By Lindsay Renick Mayer
Sometime soon, very soon, thousands of small periodic cicada nymphs will be pushing their way up out of the ground across the east coast, taking over our cities, our homes and our lives in a style befitting Alfred Hitchcock. Dogs will be eating them, kids will be racing them, and drivers will quickly (or, perhaps, never) become accustomed to the crunch under their wheels.
It is the great #Swarmageddon of 2013. And here in The Nature Conservancy’s Maryland/DC and Virginia chapters, we can’t wait.
Deborah Landau, our resident entomologist, took some time to explain why east coast residents should celebrate this natural phenomenon and pause to marvel at its wonder … while watching their step.
7. Fight that phobia fast. “For anyone afraid of insects, this is a wonderful opportunity to get over a phobia,” Landau says. The largest populations in our region appear to be in northern and central Virginia and southern Maryland. But they’ll extend from Georgia to Connecticut. The insects have lived as larvae (or grubs) for 17 years underground. They’ll spend about a month above ground and will lay their eggs in tree stems and twigs before dying. “Just take a deep breath and learn that sometimes you have to deal with nature, you have to put up with her,” Landau says. “It’s one of those things you have no control over. Don’t try to spray them. It’s pointless to try to kill them.”
6. Enjoy the summer symphony. Cicadas are a common summer sound, but this year they will be especially deafening. “They’ll be a constant background noise, a sound wave that pulses,” Landau says. The males buzz at 17 kHz as they attempt to attract mates with a sound that reminds people of the season of ice cream trucks, beaches, and vacation.
5. Be a witness to the miracle of life. After the nymphs crawl out of the ground, they’re going to be ready to shed their 17-year-old selves. “When you first see them, they’re white because they have no melanin and they haven’t hardened,” Landau says. “That’s when they’re soft and extremely vulnerable. It’s a great opportunity to sit and watch them darken in the sunlight.” The shells the cicadas leave behind tell their story, preserving the space where their legs and eyes once were and the split down the back from where they emerged. “It’s neat, it’s cool, it’s just really fascinating,” Landau says.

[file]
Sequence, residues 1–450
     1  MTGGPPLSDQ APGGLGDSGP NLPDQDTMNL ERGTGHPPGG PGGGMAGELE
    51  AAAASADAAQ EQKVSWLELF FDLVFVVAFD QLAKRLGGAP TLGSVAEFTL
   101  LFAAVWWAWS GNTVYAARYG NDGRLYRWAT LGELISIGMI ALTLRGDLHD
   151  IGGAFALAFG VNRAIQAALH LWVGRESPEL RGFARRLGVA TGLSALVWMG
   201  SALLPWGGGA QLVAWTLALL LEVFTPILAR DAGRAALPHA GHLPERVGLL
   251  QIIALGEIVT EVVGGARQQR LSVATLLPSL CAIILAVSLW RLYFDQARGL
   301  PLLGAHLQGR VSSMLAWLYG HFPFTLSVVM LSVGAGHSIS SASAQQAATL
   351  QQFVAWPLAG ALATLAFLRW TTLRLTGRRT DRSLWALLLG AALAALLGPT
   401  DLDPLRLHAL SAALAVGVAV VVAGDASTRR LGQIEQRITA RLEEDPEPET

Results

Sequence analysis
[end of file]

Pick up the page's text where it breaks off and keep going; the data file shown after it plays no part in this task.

4. They won’t (necessarily) hitch a ride. The cicadas, which are referred to as Brood II to distinguish them from the 15 other broods of periodical cicadas that frequent this region during other years, will spend most of their time on the ground and crawling up trees, rather than on your car, bike, or on you. They won’t be crawling up the aluminum siding of your house, either. “But if you have a brick house or screen doors, they’ll be able to get a good grip,” Landau says. Because the cicadas live in the ground as larvae or grubs, communities that have been developed in the last 17 years therefore disrupting the soil will likely see fewer of the insects. In addition, these cicadas aren’t poisonous or toxic and are different from other cicada species because they won’t fly away to avoid you. “For these cicadas, their entire defense is that they’re born en masse and are less likely to be picked off,” Landau says. “So they don’t fly away. You can even pick them up. They’re a really easy insect to handle.”
3. The bird baby boom. Birds and other wildlife will have an ample source of food this year. “The birds will have a banner year,” Landau says. “They’ll have plenty to feed their chicks. So even if we’re not enjoying it, wildlife is going to love it. Raccoons, birds, everyone is going to have a bellyful.”
2. The children born in 2013 will be preparing to graduate high school when these cicadas return. It may be more than a once-in-a-lifetime opportunity to witness the influx of insects, but it’s still rare and these cicadas aren’t like all the rest. They’re small and black with red eyes, rather than big and brown with amber eyes. And they have a neat natural story to tell. “They’ve been in the ground below us all of this time,” Landau says. “They may look like they’re in their early stages of life when they first emerge, but these are actually old guys. We’ll only have about a month with them and then we have to wait 17 more years to see their offspring.”
1. They help take care of all of us. When the insects lay their eggs, they lay them in tree stems and twigs. It seems like they’ll cause some damage, but this is as natural as a periodic hurricane or occasional tornado. “The trees can certainly handle this every 13 or 17 years,” Landau says. “It actually opens up the forest and provides some natural pruning of the woods. Natural phenomena that create gaps for light in the forest are good. This is a classic periodic disturbance that the forest has evolved with.” The forests that the cicadas are pruning are the same forests that help ensure that we have clean drinking water and other important ecosystem services.
This month be sure to tweet your Maryland, DC and Virginia #Swarmaggedon questions, photos and stories at us at @Nature_DCMDVA.
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Lindsay Renick Mayer is an associate marketing director for the Conservancy based in Bethesda, Maryland.